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Paints and Coatings: Contractor Considerations
OTHER PARTS OF THIS ARTICLEPt. 1: Planning Paints and Coatings Applications That Deliver BenefitsPt. 2: Paints and Coatings Finishes Contribute to Performance, AppearancePt. 3: Surface Preparation Dictates Success of Paints and Coatings ApplicationsPt. 4: This Page
Depending on the scope of the paint application and the maintenance department’s in-house capabilities, working with a contractor to perform the work can offer advantages. For most institutional and commercial facilities, contractors offer staffing capabilities that are not available in-house. Unless a department performs painting and coating applications regularly, a qualified outside contractor that offers experience and state-of-the-art application equipment is likely to complete the project more efficiently.
Managers who use outside contractors need to take several key steps that will impact timing and scheduling. They will have to develop comprehensive specifications for the painting project, including the desired level of product quality.
As part of their bid packages, contractors must provide information on materials they plan to use to demonstrate to managers that the materials meet the project’s quality requirements. Even after selecting a contractor, managers need to verify that the actual materials being used will comply.
In addition, managers need to be sure contractors are qualified before bidding if possible. Each pre-qualified contractor needs to show proof of licensing and insurance, as well as key information that includes years in business and a list of comparable jobs recently completed. It is not enough for managers to simply getting this information, though. They need to check the contractor’s track record.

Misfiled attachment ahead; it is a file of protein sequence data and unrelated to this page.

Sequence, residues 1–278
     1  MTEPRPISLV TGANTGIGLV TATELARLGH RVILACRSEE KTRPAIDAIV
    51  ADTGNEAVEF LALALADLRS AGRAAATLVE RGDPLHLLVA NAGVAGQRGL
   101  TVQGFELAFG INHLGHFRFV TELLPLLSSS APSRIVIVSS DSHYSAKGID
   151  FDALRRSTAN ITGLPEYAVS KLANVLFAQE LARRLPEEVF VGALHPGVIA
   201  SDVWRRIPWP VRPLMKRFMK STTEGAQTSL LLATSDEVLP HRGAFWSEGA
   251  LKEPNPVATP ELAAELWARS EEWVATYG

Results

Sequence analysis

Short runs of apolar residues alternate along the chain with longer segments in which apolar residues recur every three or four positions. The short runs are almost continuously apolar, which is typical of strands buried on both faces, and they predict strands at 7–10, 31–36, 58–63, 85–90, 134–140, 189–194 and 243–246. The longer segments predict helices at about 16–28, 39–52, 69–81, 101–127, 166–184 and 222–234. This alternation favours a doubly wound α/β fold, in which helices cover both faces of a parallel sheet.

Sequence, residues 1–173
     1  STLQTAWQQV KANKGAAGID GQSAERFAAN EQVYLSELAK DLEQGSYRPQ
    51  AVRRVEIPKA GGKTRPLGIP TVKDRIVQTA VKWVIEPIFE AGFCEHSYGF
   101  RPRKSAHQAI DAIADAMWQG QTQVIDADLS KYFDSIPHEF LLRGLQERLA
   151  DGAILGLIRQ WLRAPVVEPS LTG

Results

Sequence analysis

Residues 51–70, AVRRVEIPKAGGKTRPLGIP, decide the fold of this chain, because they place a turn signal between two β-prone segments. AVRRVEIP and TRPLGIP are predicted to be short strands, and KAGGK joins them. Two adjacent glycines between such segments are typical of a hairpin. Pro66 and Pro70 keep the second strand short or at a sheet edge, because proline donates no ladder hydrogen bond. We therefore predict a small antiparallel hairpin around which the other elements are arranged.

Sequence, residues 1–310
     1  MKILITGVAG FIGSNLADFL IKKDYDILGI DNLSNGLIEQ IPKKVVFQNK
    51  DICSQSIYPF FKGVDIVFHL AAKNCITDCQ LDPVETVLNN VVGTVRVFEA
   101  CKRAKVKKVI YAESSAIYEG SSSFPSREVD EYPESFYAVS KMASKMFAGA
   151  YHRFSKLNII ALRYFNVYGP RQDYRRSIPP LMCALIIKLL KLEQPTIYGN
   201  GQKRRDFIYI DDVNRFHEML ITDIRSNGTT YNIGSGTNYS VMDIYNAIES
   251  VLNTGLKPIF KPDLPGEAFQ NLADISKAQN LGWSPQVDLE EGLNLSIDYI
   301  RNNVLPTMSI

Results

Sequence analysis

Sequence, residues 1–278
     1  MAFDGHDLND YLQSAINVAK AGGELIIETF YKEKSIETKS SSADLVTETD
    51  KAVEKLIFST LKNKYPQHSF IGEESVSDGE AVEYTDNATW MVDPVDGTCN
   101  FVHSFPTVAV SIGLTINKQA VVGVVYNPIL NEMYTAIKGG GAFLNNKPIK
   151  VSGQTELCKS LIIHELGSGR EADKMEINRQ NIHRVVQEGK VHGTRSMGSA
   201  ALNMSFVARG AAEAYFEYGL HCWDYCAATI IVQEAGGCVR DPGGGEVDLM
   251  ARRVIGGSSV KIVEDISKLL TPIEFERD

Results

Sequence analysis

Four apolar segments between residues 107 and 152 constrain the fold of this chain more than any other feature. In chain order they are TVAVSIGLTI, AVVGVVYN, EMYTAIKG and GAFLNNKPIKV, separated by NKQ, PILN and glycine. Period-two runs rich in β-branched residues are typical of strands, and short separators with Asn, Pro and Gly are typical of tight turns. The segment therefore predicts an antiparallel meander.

Once a manager selects a contractor, it is important to monitor the contractor’s performance. Is the contractor using the agreed-upon products? Has the contractor taken proper precautions to protect work areas and equipment in the facility? Does the project remain on schedule?
Once the contractor completes the paint application, managers need to conduct a thorough walk-through to verify the work quality and completeness, and contractors need to correct any deficiencies before managers sign off on the contract.
While paint and coating applications might seem simple on the surface, they actually can be quite complex. With careful planning and scheduling, managers can ease their way through the process and provide finished projects that meets their expectations and those of building occupants.